Bloomberg is hardcore. The award-winning financial data, news, and computer systems service and provider started by the potential soon-to-be presidential hopeful is geared towards the rabid capitalist who needs an intravenous tap into the markets.


Through its 10 networks in seven languages, the company has created a ton of video content that, starting with the just-launched CEO Spotlight series, it’s now beginning to dissect and distribute on the open Internet. But unless you’re a “Master of the Universe,” you won’t be watching. Seeing in-depth discussions with executives about market opportunities isn’t riveting unless analyzing in-depth discussions with executives about market opportunities is your job.

For your average Joe and Jane Investor who need more attainable financial analysis, there’s the newly revamped CNN Money.




According to the Atlanta Journal Constitution, editor Chris Peacock sees some value in this newfangled internet.  The site’s makeover puts an emphasis on video, noting that the “The future of business television is online,” and lunchtime is the new primetime.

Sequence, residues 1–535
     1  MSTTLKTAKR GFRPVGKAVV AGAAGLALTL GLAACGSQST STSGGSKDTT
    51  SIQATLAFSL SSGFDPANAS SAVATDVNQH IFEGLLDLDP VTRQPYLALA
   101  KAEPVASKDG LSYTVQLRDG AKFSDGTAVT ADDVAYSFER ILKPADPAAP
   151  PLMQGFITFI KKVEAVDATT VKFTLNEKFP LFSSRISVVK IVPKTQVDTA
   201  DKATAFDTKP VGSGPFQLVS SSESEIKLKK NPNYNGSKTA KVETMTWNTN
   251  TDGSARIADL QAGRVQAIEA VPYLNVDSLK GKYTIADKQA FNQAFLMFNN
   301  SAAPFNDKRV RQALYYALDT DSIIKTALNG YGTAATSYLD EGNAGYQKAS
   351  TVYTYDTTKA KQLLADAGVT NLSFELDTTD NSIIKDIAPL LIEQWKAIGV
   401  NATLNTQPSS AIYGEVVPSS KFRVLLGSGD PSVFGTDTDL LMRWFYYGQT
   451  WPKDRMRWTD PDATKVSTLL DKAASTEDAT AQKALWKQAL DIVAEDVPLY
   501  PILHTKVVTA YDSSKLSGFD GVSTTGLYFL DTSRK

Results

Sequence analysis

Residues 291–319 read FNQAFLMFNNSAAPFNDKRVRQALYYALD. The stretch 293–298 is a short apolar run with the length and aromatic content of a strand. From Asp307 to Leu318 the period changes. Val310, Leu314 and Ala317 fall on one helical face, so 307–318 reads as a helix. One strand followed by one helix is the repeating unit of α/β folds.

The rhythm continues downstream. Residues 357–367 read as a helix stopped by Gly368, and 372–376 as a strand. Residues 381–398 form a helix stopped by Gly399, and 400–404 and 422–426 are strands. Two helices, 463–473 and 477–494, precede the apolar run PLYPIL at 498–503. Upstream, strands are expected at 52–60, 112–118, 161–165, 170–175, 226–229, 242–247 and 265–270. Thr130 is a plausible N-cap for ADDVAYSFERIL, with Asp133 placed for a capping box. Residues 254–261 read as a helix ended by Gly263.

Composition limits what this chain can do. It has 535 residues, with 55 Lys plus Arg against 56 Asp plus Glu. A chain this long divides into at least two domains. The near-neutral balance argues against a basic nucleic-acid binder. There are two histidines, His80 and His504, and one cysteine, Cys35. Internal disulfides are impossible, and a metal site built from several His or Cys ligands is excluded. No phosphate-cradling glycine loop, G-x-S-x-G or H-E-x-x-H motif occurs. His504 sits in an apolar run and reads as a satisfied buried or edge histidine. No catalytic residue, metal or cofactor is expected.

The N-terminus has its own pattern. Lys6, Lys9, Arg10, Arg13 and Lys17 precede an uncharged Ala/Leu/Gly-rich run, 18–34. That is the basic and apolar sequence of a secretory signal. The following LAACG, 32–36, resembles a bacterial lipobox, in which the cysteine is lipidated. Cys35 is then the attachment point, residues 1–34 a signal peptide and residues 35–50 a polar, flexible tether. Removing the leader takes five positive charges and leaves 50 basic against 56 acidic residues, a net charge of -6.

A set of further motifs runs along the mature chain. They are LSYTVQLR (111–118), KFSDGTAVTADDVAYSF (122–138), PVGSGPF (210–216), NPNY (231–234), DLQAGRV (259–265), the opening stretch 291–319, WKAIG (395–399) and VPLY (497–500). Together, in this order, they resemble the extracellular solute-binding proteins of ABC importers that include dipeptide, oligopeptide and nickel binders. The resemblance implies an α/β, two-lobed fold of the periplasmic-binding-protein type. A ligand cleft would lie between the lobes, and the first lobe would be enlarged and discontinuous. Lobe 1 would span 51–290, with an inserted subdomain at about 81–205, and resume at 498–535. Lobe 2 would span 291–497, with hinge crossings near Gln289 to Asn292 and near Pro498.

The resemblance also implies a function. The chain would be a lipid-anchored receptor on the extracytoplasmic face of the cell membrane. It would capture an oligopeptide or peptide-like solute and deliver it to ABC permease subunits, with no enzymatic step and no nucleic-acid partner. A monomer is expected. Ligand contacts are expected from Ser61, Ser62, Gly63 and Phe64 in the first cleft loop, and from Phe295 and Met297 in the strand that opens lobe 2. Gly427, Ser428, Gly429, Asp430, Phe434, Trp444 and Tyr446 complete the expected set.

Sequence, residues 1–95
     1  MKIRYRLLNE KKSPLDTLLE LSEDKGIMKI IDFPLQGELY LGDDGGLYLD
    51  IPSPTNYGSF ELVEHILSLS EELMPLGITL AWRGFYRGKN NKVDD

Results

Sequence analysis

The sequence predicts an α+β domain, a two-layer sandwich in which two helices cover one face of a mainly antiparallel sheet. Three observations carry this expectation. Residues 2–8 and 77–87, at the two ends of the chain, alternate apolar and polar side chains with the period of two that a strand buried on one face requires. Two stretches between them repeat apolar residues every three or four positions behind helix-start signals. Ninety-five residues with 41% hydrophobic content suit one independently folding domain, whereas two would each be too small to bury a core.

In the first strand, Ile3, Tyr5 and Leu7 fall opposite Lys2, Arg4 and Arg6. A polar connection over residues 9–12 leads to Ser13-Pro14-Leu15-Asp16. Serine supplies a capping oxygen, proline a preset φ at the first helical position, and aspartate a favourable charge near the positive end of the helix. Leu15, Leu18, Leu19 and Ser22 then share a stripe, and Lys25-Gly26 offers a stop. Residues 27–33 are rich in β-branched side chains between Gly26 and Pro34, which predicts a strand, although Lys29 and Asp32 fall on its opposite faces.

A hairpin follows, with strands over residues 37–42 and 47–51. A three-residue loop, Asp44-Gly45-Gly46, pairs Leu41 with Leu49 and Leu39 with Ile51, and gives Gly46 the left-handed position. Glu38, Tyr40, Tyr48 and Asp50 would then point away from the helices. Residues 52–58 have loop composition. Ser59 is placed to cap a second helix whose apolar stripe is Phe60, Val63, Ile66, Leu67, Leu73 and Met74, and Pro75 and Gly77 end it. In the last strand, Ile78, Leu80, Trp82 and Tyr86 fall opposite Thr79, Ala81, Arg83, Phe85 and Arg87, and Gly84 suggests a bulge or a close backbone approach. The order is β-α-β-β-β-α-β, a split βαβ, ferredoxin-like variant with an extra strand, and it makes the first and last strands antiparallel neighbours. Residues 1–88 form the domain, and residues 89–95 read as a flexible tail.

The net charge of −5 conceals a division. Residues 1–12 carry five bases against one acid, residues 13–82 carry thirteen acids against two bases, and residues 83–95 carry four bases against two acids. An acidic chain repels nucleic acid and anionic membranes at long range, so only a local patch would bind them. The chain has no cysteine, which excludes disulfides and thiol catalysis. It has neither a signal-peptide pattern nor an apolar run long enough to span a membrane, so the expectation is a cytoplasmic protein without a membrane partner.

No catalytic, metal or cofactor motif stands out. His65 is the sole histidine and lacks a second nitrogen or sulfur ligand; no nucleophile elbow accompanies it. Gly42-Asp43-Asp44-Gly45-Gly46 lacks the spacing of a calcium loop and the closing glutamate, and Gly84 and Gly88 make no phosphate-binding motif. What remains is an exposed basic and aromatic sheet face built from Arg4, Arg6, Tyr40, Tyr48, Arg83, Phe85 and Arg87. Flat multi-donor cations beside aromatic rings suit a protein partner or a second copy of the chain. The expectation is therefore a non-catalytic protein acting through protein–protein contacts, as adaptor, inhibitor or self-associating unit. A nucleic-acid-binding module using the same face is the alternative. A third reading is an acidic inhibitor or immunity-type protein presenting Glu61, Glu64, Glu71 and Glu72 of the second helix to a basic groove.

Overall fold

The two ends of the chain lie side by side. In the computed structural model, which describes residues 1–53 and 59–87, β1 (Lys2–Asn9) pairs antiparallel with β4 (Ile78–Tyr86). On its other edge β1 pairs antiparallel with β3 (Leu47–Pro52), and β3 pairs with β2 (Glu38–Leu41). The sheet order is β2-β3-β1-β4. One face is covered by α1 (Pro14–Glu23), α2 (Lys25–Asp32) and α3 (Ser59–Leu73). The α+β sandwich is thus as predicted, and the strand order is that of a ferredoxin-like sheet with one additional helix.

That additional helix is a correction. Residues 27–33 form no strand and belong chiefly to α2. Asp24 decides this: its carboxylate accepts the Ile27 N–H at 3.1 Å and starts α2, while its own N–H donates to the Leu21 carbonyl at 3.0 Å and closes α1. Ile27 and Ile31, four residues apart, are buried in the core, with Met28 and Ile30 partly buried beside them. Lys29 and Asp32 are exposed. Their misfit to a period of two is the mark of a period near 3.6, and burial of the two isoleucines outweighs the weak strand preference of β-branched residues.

“The audience for business and finance information migrated online very quickly. They’re at their desks. They’re an at-work audience. We have a footprint to reach more people through our distribution than I think the classic cable networks can.”

To back up his bet, Peacock is upping production on the site from two to 15 or more original videos each day. Up-to-date business and financial news is a valuable commodity, and delivering it in a searchable, on-demand format on the web beats having to watch a linear TV program that recycles the same content every half hour.

Whether it’s Bloomberg’s CEOs talking in-depth or CNN Money’s more accessible market overviews and eye candy, pushing business video in front of people who spend their time in front of computers makes a whole lot of sense.

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